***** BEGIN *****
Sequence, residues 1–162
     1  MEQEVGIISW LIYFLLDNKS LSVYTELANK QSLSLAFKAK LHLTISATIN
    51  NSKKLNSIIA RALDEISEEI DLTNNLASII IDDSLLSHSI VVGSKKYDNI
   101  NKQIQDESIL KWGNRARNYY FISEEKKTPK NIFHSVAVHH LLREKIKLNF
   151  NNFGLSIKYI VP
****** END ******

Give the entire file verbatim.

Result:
Sequence, residues 1–162
     1  MEQEVGIISW LIYFLLDNKS LSVYTELANK QSLSLAFKAK LHLTISATIN
    51  NSKKLNSIIA RALDEISEEI DLTNNLASII IDDSLLSHSI VVGSKKYDNI
   101  NKQIQDESIL KWGNRARNYY FISEEKKTPK NIFHSVAVHH LLREKIKLNF
   151  NNFGLSIKYI VP